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National Debt affords a good illustration of the axiom for which I often
contend, that complicated social problems do not admit of hard-and-fast
solutions. Even the primary proposition that a National Debt is an evil,
obvious as it seems, is by no means necessarily true. The few remaining
countries of the world which have no debts, such as Persia and Morocco,
are scarcely countries with which we should wish to exchange conditions.
The example of the United States shows that a surplus may be almost a
greater embarrassment than a deficit, and more calculated to produce al-
terations of artificial stringency and plethora in the money market. The
fact is that a National Debt has become almost one of the necessities of
a progressive and civilized country. As in the case of a railway com-



pany, if traffic expands, money must be spent on increased plant and ap-
pliances, and if the capital account is rigidily closed, this can only come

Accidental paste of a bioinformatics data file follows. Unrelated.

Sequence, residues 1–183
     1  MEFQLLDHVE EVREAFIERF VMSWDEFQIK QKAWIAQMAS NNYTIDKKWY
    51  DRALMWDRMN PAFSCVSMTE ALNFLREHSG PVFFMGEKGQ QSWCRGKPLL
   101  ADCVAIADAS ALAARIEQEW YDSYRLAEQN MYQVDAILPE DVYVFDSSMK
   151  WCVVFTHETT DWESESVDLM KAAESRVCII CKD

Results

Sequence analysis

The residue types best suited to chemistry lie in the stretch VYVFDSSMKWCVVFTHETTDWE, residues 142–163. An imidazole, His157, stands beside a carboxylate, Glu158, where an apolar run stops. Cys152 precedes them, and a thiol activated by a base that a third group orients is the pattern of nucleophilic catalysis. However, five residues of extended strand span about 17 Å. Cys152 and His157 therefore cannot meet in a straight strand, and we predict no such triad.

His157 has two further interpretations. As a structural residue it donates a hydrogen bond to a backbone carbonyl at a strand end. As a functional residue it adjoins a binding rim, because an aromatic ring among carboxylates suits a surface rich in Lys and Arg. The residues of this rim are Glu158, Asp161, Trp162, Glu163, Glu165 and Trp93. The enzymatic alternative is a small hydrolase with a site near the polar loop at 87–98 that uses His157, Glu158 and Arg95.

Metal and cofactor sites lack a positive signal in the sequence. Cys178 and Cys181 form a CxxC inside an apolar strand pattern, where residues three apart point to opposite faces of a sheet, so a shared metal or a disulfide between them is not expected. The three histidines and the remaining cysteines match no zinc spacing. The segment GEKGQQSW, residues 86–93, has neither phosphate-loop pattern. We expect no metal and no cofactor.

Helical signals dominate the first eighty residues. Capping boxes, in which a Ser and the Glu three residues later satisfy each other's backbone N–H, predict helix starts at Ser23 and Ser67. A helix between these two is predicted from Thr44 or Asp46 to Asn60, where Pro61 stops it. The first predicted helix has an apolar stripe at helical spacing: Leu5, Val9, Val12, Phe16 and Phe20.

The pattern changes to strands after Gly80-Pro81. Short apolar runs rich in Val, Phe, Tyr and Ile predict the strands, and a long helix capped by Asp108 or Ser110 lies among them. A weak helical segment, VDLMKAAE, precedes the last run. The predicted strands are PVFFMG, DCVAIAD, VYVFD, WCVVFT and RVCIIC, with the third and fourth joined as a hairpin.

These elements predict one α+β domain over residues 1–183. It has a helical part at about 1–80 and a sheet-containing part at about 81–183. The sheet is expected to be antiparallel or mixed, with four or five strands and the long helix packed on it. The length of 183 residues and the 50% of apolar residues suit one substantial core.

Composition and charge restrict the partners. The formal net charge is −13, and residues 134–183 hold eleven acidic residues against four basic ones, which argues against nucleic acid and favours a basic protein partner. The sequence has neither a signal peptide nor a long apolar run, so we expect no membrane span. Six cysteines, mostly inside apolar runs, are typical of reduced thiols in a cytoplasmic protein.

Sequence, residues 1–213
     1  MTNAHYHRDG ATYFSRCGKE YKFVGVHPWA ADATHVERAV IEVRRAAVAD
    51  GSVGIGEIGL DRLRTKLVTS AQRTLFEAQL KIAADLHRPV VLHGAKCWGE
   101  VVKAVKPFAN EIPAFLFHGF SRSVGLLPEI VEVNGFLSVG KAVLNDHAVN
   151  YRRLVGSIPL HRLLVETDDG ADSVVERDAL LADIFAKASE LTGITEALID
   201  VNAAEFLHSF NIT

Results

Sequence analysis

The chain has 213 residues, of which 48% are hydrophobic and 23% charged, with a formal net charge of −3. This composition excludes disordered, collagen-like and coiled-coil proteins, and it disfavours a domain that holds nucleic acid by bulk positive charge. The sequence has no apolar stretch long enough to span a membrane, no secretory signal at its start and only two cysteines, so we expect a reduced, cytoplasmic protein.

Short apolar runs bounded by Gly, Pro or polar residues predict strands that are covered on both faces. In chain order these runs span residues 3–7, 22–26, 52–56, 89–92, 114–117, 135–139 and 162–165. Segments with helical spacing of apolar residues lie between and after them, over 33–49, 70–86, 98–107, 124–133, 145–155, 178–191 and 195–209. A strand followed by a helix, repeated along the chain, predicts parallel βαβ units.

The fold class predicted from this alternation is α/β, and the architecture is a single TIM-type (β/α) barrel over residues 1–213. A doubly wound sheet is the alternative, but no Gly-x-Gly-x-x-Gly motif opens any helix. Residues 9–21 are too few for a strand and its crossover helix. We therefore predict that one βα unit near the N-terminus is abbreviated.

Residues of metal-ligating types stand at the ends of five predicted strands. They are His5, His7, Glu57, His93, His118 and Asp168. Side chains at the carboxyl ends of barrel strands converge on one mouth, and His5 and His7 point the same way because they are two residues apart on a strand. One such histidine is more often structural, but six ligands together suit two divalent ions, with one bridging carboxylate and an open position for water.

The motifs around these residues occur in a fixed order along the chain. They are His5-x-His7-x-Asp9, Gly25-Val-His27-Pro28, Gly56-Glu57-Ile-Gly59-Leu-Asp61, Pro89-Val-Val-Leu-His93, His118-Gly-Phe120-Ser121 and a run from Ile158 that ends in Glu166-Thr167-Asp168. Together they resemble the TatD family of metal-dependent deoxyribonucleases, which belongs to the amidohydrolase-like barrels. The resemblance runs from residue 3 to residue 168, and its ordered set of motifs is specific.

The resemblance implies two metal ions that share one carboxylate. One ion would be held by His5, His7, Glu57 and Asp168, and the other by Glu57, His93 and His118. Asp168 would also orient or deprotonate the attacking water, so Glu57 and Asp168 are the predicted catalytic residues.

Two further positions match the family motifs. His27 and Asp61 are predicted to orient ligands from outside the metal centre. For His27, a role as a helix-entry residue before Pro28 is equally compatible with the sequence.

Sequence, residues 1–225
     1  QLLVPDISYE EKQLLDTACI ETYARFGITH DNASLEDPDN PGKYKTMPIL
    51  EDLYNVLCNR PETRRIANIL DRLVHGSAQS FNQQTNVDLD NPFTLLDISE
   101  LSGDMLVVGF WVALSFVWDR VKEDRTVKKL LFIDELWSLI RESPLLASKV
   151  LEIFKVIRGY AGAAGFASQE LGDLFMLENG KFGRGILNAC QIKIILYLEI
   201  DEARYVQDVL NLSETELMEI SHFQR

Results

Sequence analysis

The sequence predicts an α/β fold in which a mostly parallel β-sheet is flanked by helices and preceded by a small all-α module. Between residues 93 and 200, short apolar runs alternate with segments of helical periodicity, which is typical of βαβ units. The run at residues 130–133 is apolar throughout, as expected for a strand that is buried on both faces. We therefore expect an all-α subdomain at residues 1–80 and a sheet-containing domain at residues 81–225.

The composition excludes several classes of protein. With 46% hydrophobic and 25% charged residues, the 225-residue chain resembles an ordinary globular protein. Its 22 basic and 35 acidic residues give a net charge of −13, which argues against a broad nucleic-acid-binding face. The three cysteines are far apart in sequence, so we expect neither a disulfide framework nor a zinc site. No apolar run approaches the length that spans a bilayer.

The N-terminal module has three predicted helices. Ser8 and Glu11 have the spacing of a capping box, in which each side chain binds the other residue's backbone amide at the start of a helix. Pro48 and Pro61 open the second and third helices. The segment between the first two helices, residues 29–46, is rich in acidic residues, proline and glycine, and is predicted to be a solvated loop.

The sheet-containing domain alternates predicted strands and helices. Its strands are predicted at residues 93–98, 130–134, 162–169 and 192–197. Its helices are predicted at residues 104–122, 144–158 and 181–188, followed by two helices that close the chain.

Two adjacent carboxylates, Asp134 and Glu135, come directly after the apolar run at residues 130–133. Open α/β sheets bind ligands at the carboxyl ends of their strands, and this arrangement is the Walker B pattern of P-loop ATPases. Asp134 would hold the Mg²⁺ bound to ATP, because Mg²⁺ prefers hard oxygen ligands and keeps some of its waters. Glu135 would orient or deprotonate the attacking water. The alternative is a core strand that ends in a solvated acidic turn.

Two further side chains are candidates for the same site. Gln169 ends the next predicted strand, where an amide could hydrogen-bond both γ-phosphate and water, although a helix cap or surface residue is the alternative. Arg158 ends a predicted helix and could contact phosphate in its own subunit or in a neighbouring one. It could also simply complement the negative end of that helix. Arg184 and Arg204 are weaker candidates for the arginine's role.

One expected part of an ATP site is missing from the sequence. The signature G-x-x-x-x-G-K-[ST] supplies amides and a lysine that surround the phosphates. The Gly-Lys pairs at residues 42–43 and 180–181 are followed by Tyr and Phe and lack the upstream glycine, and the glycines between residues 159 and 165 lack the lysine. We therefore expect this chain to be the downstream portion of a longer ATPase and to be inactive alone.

out of revenue, and increasing prosperity may mean diminishing divi-
dends. The question is, what is the amount of debt compared with the
resources of the nation ; and how the money is spent, whether unprofit-
ably in useless wars, or wisely in prudent precautions against inevitable
risks, and on objects such as education and sanitation, which promote
the welfare and ultimately the wealth of the community. For it must be
always remembered that the amount of a National Debt is a relative quan-
tity, depending not on absolute figures, but on the ratio which the an-
nual charge bears to the annual income of the country. Thus a debt of
700,000,000 at 3 per cent, of which the capital cannot be called in, is
practically a smaller debt than one of 400,000,000 at 6 per cent The
rate of interest payable on a debt is, however, a very important factor in
deciding whether it is or is not wise to increase taxation for the purpose
of paying it off. Thus in the case of the United States, which affords the
principal instance of large repayment of debt by excessive taxation, the
repayment has not been effected without great sacrifices. From being
the cheapest the United States have become one of the dearest countries